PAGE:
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Rabbi Ari Enkin

By Rabbi Ari Enkin, Rabbinic Director, United with Israel

Jews continue to pray three times every day for the rebuilding of the third and final eternal Temple, which will be called a house of prayer for all nations.

This week’s Torah portion is Tzav (Leviticus 6:1-8:36), which continues in the theme of the Temple and sacrifices that began last week. As promised, this week we will discuss the Beit Hamikdash, the Holy Temple, in Jerusalem. Perhaps after learning about the Temple we will come to better appreciate that which was taken from us when it was destroyed, along with the rest of the Land of Israel, about 2000 years ago.

Both the first and second Temple stood on The Temple Mount in Jerusalem, known as Har Hamoria in Hebrew. In fact, the Dome of the Rock which sits on the Temple Mount today is built upon the area of the “Kodesh Hakodashim” – the Holy of Holies, the most sacred area of the Temple. Many devout Jews avoid entering the Temple Mount due to its exalted sanctity, though some do visit the Temple Mount after a number of ritual purification rituals. According to all interpretations, however, Jews are forbidden from entering the Dome of the Rock, as the supreme holiness of the Kodesh Hakodashim (Holy of Holies) remains to this day.

According to Jewish tradition a number of significant events took place upon the “rock” that is inside the Dome of the Rock on the Temple Mount. For example, we are taught that the creation of the world began from there, that Adam was created from the earth of that spot, that Abraham nearly sacrificed Isaac upon that rock, and more.

The first Temple was built by King Solomon in 957 BCE. Once the Temple was completed, it was decreed that animal sacrifices may no longer be offered any place else. This decree is without expiration which is why there are no animal sacrifices in Judaism today. The first Temple was destroyed by the Babylonians in 586 BCS. The construction of the Second Temple began with Cyrus the great and was completed in 515 BCE.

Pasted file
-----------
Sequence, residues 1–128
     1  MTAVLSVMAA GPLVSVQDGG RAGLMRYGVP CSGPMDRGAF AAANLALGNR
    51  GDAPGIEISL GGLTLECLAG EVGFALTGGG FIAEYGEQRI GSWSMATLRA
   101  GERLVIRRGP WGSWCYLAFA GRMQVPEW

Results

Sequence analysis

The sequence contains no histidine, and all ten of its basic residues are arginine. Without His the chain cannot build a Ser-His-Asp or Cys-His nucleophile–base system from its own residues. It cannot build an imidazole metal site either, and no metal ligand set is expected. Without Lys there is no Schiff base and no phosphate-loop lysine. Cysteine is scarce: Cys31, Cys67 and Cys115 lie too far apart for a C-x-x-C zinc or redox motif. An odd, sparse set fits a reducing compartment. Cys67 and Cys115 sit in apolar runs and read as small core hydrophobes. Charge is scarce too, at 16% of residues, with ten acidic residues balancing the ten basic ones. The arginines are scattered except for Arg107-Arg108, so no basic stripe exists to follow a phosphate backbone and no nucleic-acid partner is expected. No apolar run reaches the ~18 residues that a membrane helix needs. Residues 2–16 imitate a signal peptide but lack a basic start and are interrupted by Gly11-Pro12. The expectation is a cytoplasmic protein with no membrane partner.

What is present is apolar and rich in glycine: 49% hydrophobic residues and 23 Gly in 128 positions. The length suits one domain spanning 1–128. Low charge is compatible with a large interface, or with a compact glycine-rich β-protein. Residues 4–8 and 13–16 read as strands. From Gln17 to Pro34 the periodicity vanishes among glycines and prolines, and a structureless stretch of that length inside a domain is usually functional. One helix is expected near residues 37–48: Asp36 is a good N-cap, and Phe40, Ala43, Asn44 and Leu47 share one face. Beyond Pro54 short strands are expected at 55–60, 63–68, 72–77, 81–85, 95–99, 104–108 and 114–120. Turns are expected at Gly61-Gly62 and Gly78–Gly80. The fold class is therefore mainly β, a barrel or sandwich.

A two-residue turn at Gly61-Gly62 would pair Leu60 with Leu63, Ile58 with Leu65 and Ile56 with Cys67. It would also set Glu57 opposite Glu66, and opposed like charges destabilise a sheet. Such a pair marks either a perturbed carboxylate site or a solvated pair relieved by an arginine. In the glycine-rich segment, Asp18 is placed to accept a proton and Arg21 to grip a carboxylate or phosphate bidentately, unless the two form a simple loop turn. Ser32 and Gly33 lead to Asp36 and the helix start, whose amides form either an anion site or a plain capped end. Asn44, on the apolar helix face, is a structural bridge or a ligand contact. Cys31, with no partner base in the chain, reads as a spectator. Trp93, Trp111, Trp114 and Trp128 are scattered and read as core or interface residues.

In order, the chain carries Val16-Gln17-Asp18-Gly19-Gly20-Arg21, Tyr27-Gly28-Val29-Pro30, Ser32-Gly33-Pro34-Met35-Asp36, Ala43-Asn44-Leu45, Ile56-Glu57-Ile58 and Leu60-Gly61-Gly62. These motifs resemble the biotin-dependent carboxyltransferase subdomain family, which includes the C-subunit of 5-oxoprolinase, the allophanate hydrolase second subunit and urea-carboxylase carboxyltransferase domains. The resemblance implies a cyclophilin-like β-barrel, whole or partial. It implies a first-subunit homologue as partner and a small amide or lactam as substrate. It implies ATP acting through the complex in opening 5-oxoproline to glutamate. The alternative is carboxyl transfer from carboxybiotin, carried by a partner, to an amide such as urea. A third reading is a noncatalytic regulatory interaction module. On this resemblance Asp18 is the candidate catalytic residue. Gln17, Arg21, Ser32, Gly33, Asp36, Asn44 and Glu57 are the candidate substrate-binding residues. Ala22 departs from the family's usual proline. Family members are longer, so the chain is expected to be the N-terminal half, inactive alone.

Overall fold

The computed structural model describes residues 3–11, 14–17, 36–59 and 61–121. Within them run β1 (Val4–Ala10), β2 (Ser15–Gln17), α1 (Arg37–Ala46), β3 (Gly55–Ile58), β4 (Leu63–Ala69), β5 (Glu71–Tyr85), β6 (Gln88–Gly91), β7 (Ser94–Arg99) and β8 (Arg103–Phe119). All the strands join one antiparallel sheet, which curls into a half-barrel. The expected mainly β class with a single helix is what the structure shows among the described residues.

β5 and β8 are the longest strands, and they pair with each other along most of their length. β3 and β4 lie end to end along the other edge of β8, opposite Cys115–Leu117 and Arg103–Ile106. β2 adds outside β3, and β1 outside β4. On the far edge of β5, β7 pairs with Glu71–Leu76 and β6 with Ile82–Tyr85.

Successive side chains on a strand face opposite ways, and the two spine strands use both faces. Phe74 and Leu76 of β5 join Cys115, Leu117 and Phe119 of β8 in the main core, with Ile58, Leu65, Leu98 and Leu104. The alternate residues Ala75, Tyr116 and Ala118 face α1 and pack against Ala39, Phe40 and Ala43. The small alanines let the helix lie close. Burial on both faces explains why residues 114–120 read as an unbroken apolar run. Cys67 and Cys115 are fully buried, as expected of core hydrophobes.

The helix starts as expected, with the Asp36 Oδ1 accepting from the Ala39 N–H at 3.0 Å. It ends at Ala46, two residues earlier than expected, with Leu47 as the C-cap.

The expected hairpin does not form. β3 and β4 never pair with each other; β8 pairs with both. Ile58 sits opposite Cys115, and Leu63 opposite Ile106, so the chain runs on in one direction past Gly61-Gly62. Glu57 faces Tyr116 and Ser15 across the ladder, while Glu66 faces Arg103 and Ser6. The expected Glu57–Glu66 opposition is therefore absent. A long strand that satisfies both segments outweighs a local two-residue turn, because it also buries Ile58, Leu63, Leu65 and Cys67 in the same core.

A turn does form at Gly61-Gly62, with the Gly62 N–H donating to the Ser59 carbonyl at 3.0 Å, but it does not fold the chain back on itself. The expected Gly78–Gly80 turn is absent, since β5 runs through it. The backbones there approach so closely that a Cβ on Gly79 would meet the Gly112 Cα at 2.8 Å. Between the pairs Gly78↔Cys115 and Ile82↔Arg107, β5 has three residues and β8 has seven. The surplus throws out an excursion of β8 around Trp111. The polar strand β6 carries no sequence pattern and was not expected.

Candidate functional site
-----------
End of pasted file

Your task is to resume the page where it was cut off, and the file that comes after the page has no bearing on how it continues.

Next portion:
It was during the second temple period that the well-known Chanukah story took place in which king Antiochus Epiphanes tried to force assimilation upon the Jewish people throughout the land of Israel. Antiochus desecrated the Temple and introduced idolatry. The Maccabee rose up against Antiochus and restored religious freedom and Jewish operation of the Temple.

The second Temple was destroyed by the Romans in 70 CE at which time the Jews were led into a 2000 year exile and Jewish presence in the land of Israel was all but forgotten. While the second Temple was a sacred edifice and the center of all Jewish worship, it lacked some of the glory of the first Temple. For example, the second temple did not have the Ark of the Covenant and by extension, did not have the original tablets of the Ten Commandments. So, too, the container of manna, Aaron’s rod, and the holy oil were absent, as well. This is because these items had been lost in the course of the destruction of the first temple and the subsequent exile.

When the Jewish people came back to their land in 1948, the Jordanians forbade the Jews from praying at the Western Wall – the last surviving remnant from the Temple. In the 1967 Six Day War, the Israeli Defense Forces, like the Maccabees before them, liberated the Western Wall thereby restoring and guaranteeing freedom of worship at the Western Wall for one and all. Jews continue to pray three times every day for the rebuilding of the third and final eternal Temple.

We believe that the Messiah will be the one to rebuild the Temple once and for all. And when that happens, we will all witness the fulfillment of the verse “Then I will bring them to my holy mountain and make them happy in my house of prayer. Their burnt offerings and their sacrifices will be acceptable on my altar, because my house will be called a house of prayer for all nations” (Isaiah 56:7). Amen. May it be speedily in our days.

Shabbat Shalom from Israel! Please SHARE with your family and friends!